One of the main lures of any major film festival is the opportunity to get an early peek at some much-anticipated movies. But it can be equally rewarding to happen upon the unheralded works and unexpected gems simply because they fill a hole in your schedule.
Before Sunset, Richard Linklater’s 2004 follow-up to 1995’s one-night-in-Vienna romance Before Sunrise, ended on such a beautifully realized epiphany between the characters played by Ethan Hawke and Julie Delpy, the notion of following it up with a third movie feels almost sacrilegious. Then again, there was a time when a second movie didn’t seem like such a hot idea, either. But for the third time now, Linklater, Hawke, and Delpy have pulled off a minor miracle; Before Midnight is the logical conclusion to the trilogy in every way. (At least until the trio decides to make a fourth movie. Before Happy Hour?) It would be a shame to reveal too many details, even though, like its predecessors, Before Midnight is nearly plotless. Let’s just say it picks up the story of Jesse and Celine eight years later, and proves once again that conversation is character, and that sometimes the most romantic movies are all talk and (almost) no action.
Andrew Bujalski helped kicked off the mumblecore movement in indie film with his micro-budgeted 2002 debut,Funny Ha Ha. With his latest effort, former Bostonian and current Austinite Bujalski takes a big leap forward by looking backward. When friends encouraged him to shoot a feature on video, Bujalski responded by finding the most outdated equipment possible: black-and-white tube video cameras dating back the late ‘60s. The result is a movie that looks like no other; it’s like a documentary artifact discovered in the vault of a local television station. Form perfectly suits content, as Computer Chess centers on a convention of geeks gathering in a seedy hotel in the early ‘80s to pit their primitive chess programs against each other. The way these oddballs interact with each other (as well as the hotel’s other peculiar denizens) is unpredictable, often funny, and always entertaining, and the questions the movie raises about artificial intelligence are more relevant today than ever.
Another one of the founding fathers of mumblecore, the prolific Joe Swanberg has had at least one film play SXSW every year since his debut, 2005’s Kissing on the Mouth. It’s safe to say his lo-fi, loosely structured, often sexually graphic movies have not been universally beloved, but even the most ardent Swanberg haters may embrace Drinking Buddies, which was acquired by Magnolia Pictures after the festival. Olivia Wilde and Jake Johnson are employees of micro-brewery who often take their work home with them. Although they are romantically involved with, respectively, Ron Livingston and Anna Kendrick, they’re undeniably more compatible with each other than with their partners. But as this heavily improvised comedy demonstrates, being too compatible isn’t necessarily a good thing, especially when the beer flows as freely as it does here. All four leads are outstanding, with Johnson in particular delivering an endearing, potentially star-making performance, and the freewheeling vibe favored by Swanberg helps generate a more persuasive reality than is found in most romantic comedies.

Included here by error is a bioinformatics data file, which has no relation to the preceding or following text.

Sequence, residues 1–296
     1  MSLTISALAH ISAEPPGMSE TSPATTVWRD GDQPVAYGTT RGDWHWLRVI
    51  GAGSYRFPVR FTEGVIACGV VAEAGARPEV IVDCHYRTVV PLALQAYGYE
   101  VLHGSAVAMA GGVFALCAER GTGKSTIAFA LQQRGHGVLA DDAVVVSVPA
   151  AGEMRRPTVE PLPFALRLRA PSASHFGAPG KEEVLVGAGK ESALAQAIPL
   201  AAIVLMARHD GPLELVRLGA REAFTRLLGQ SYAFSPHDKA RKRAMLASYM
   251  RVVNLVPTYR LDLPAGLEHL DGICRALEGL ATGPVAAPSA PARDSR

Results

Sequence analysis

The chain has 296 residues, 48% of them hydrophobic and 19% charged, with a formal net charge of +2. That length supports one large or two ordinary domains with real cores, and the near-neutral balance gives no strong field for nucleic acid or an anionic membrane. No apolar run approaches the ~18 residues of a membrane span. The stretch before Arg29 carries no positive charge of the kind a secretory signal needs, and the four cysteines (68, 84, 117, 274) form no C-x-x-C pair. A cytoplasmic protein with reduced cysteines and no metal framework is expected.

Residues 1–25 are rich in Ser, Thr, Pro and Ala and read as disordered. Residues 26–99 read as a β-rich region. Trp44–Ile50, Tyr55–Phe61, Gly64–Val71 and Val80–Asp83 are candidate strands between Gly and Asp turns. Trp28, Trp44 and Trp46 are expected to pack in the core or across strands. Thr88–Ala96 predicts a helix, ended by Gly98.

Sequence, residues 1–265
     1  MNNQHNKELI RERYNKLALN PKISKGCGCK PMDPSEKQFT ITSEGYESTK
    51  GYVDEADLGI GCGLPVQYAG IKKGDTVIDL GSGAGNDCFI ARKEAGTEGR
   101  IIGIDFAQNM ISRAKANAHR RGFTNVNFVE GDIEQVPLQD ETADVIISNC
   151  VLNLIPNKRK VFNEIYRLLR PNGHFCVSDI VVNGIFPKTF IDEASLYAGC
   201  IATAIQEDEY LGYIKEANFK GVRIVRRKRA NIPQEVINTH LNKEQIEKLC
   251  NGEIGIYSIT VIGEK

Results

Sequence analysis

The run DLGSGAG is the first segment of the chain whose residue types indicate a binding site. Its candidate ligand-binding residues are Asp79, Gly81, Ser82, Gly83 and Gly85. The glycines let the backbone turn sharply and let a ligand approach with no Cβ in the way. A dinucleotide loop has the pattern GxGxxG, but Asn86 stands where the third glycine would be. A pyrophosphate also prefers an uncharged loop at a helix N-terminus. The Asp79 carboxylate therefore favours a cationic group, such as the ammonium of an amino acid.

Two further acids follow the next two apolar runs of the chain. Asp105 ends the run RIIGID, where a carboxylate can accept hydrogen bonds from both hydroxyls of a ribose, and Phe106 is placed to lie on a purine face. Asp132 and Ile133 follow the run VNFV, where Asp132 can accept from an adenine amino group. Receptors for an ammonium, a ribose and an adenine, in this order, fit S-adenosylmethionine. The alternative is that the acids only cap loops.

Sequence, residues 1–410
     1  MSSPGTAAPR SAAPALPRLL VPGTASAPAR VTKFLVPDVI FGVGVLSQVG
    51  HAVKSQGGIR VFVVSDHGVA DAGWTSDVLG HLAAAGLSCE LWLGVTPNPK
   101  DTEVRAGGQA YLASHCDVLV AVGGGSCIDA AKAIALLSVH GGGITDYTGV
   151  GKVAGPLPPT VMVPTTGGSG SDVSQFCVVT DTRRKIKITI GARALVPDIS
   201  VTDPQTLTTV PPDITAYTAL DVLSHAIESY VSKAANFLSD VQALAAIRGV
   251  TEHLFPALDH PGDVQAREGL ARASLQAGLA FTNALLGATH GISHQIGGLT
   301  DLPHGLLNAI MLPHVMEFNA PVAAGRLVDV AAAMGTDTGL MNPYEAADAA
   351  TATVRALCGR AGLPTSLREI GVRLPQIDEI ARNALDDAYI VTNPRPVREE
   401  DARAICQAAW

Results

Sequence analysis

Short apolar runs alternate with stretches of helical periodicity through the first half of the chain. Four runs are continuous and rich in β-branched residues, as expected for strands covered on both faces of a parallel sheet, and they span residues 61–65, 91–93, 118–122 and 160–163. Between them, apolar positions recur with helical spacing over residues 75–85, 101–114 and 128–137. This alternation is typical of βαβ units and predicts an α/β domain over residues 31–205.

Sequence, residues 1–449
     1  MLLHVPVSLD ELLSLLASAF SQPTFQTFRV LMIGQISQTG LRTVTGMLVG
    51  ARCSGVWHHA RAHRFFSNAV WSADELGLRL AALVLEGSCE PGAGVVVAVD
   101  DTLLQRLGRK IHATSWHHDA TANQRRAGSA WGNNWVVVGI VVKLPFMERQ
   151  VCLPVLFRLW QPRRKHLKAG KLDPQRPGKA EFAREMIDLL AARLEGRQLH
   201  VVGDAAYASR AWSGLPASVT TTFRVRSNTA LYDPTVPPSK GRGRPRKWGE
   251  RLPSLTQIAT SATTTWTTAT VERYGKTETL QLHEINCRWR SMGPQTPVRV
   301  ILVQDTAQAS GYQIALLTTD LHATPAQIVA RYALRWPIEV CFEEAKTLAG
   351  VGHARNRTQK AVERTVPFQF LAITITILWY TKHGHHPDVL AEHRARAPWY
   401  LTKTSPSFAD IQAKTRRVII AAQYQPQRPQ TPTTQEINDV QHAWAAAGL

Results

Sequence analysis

Anyone who grew up during the home video explosion of the 1980s will find a lot to like in this documentary ode to the VHS era. If anything, Josh Johnson’s film is a little too comprehensive, as it comes at its subject from nearly every conceivable angle. Rewind This! touches on the early days of home video, when VHS beat out the arguably superior Beta format for consumer dominance; the “film school” aspect of video store culture, through which many of today’s filmmakers learned their craft through repeated viewings of favorite tapes; the wild world of straight-to-video movies and bizarre lost “classics” that have never surfaced in other formats; the collector culture and the mini-revival of VHS; and on and on. For those of us of us a certain age, Rewind This! is a nostalgic treasure trove, but it might be even more enjoyable after one more pass through the editing bay.
We Always Lie to Strangers
Perhaps the least rocking movie ever to play SXSW, We Always Lie to Strangers transports us to a strange little Ozarks town called Branson, Missouri, population 10,500. Branson is so odd because it draws over 7 million tourists per year on the strength of its entertainment attractions, all of which are corny and wholesome enough to make Hee-Haw look like subversive art. We Always Lie to Strangers is less about the people who visit than those who make a living in Branson…or at least try to make a living. For every successful act like Andy Williams or Yakov Smirnoff, there are a dozen small dinner-theater companies like the Magnificent Variety Show struggling to stay afloat. Co-directors AJ Schnack and David Wilson delve deep beneath the surface of an ultra-conservative subculture to find it made up of very different personalities, from the spitfire dancer Elisha Connor to the openly gay single father Chip Holderman. You might never want to go to Branson itself, but you won’t regret spending an hour and a half visiting via this fascinating documentary.